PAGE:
One study analyzing the perceptions of teenage pregnancy in the UK, conducted by Whitehead et al, concluded that teenagers who decide to go through with having a baby are greatly affected by the attitudes and opinions of their friends and family (7). If the reaction of their support network is negative, this forces teen moms to experience a feeling of “social death” and can have severe negative health consequences for both the mother and the baby (7). Another study on a sample of 925 pregnant low-income adolescents, conducted by Wiemann et al, found that at least 2 out of every 5 teenage mothers felt stigmatized, and suggests that shame campaigns make pregnant teens less likely to speak with their parents about the pregnancy or to seek the proper medical care (5). Teenage mothers who experience this feeling of social isolation are much more at risk for physical or mental health problems due to constant stress and this can have a drastic impact on an already disadvantaged child. Therefore, by further isolating teen moms this campaign is ensuring that they will not be able to easily assimilate back into the social structure of society, further compounding the issues associated with teen pregnancy. Teen moms will need to overcome a strong stigma of their self-identity, social norms, and the public’s hostile attitude towards teen pregnancy.
            A second important stigma created by the “Real Cost” campaign places a negative connotation on adolescent sexual behavior. The advertisements use a very pedagogical tone where it is widely known that teens do not respond positively to authoritative messages. According to one study on the relationship between the psychological reactance theory and initiation of smoking, threats to freedom invoked a “boomerang effect” where subjects actually went on to participate in the risky behavior more often (8).  Similarly, by placing a negative connotation on pre-marital sex, the campaign appears to contextualize adolescent sexual intercourse as unacceptable, shameful behavior and in turn threaten the freedom of teens. Therefore, it creates a fortuitous psychological reactance where the threat causes them to cling to their beliefs more tightly. Moreover, this is likely to result in increased risky adolescent sexual behavior as teenagers aim to defy the messages of the campaign in order to preserve their personal liberties (8). The design of this campaign does not include any methods to mitigate reactance as evidenced by the harsh stigmatization of both teenage mothers and adolescent sexual behaviors.
Flaw #2: Assumes teenagers correctly understand their personal risk
            The “Real Cost” campaign makes a huge assumption that teenagers accurately perceive their own individual risk of becoming pregnant and that they consciously decide to take their chances even though they correctly understand the risk. The program also assumes that teenagers will make changes in their behavior based a fear of the outcome happening to them. According to risk perception theories, however, the Law of Optimistic Bias states that people of all ages tend to underestimate their own personal risk for negative outcomes while greatly overestimating the risk of the general population (9). For example, when smokers were asked to comment on perceived risk of lung cancer they undershot their own individual risk, while greatly overshooting the risk of the general smoker population (9). 60% of adolescents in the study believed “they could smoke for a few more years and then quit”, which perfectly embodies the irrational risk assessment of both teen and adults alike (9). Teenagers won’t view their individual risk for a behavior as being exceptionally high if they don’t believe there are immediate consequences they will experience.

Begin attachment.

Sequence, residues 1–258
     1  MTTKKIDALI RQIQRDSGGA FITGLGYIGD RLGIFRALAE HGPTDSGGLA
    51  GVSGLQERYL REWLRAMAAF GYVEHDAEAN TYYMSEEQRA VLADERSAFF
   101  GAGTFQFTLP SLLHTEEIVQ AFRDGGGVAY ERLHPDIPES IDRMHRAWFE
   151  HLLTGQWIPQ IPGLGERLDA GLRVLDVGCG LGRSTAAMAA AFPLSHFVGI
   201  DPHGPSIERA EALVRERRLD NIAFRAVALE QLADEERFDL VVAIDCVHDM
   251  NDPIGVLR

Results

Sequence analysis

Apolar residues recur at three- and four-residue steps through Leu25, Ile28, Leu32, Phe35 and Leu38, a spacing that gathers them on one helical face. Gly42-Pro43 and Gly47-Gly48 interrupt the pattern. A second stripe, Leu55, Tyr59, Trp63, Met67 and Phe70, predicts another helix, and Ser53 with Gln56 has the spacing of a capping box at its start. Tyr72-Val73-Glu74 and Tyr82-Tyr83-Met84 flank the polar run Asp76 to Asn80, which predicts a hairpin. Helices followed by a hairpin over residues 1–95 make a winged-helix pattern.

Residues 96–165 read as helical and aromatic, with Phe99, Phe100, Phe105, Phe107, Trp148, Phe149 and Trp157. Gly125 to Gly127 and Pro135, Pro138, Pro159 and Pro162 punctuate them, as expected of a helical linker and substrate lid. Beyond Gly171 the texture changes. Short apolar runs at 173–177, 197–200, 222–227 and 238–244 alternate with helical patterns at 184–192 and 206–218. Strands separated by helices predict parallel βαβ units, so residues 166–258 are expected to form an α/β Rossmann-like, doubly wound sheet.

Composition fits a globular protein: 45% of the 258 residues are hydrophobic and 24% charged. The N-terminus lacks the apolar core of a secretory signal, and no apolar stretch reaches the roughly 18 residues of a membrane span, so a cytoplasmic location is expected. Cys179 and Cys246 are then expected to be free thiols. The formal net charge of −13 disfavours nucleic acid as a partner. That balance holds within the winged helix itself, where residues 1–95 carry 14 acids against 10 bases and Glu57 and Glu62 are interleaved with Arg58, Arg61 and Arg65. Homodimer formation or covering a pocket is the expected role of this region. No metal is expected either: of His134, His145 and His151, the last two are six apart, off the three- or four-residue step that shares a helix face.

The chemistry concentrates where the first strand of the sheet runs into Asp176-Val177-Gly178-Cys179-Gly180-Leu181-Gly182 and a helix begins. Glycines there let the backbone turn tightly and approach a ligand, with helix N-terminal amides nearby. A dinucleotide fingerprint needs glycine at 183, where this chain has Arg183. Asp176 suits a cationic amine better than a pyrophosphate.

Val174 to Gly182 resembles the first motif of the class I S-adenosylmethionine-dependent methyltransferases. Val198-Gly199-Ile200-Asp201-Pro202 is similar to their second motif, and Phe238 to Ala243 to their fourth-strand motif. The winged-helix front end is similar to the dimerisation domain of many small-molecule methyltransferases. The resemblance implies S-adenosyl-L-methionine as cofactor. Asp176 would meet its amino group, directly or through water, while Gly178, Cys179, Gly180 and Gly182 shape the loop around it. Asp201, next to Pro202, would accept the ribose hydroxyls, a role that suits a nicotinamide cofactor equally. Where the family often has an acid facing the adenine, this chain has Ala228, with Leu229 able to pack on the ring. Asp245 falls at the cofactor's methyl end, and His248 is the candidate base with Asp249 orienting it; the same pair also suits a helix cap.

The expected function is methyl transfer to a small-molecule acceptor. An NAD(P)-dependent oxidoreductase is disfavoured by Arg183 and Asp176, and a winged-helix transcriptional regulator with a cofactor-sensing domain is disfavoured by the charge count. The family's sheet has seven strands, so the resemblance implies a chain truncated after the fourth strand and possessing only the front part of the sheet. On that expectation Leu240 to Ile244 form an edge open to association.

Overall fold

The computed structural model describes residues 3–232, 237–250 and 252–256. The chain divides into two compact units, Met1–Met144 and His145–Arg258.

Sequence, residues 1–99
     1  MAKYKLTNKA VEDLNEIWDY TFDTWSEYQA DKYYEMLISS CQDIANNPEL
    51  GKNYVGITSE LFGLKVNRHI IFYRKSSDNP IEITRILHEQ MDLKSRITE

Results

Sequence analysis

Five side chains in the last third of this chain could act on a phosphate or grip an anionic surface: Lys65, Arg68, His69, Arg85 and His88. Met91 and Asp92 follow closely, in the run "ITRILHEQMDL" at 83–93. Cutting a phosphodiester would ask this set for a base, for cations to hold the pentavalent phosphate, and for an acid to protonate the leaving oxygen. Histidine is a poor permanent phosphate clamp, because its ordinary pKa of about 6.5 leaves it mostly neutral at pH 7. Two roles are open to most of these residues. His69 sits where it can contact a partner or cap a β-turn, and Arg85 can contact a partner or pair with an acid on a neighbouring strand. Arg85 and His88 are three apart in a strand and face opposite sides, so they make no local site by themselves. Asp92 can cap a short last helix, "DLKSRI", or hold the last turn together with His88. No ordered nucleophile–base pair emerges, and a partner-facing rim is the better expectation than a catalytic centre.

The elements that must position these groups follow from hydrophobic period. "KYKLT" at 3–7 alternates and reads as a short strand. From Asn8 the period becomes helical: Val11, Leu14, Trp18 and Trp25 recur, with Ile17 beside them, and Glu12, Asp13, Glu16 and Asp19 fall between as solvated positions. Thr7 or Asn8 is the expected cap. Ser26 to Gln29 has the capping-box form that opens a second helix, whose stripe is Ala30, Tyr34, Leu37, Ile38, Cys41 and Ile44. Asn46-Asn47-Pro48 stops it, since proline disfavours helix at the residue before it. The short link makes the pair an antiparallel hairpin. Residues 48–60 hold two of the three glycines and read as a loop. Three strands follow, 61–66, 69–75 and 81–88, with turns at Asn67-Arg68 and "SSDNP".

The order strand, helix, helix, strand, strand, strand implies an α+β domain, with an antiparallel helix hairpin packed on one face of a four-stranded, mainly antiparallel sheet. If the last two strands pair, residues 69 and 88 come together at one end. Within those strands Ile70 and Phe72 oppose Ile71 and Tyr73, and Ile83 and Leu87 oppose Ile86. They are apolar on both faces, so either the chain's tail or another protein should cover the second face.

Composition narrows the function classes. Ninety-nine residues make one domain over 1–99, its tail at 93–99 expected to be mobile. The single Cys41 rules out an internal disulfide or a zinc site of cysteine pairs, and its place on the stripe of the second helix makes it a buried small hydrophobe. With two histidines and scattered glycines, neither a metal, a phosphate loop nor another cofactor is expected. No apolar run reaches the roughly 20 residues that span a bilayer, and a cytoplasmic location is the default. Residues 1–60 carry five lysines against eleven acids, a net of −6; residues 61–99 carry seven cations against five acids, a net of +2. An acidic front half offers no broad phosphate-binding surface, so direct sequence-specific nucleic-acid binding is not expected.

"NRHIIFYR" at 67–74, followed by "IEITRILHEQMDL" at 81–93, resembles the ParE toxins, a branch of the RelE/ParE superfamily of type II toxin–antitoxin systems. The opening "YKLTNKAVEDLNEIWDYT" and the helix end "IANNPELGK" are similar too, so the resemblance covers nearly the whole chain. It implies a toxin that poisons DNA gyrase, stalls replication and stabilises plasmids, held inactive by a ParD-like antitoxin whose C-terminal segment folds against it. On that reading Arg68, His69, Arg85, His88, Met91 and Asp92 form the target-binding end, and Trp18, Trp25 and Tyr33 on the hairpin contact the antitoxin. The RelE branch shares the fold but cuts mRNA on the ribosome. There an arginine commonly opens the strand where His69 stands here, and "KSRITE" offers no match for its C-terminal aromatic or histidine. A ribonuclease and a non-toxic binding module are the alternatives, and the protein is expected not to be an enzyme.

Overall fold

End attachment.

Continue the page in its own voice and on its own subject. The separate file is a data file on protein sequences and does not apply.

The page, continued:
According to a study on adolescent risk perception, “Participants reported greater knowledge of the risks from the activities they perform, less fear of those risks, greater benefits relative to those risks, less seriousness of effects, more personal control over the risks…and higher perceived participation rates by peers” (10). Therefore, for teenagers who have engaged in unprotected sexual activity the scathing risks conveyed by the advertisements are already marginally less effective since their perceived risk from unprotected sex has already begun to diminish. This means that the campaign is not effectively reaching its target audience since those most at risk for teen pregnancy are desensitized to the reality of the messages presented to them. The study also suggests “participants in high risk activities thought they could control their risks but at the same time believed they were unable to avoid the activity” (10). This finding highlights that since teenagers choose to engage in risky behavior they feel an illusion of control over the impending risks that they face. The study also suggests a significant influence from peer pressure that seems to mitigate much of the risks teenagers may perceive as they strive to live up to social pressures. This combination of decreased perceived risk and increasing peer pressure raises many important questions about the efficacy of a program such as “Real Cost”, which is designed to discourage adolescents from engaging in risky behavior.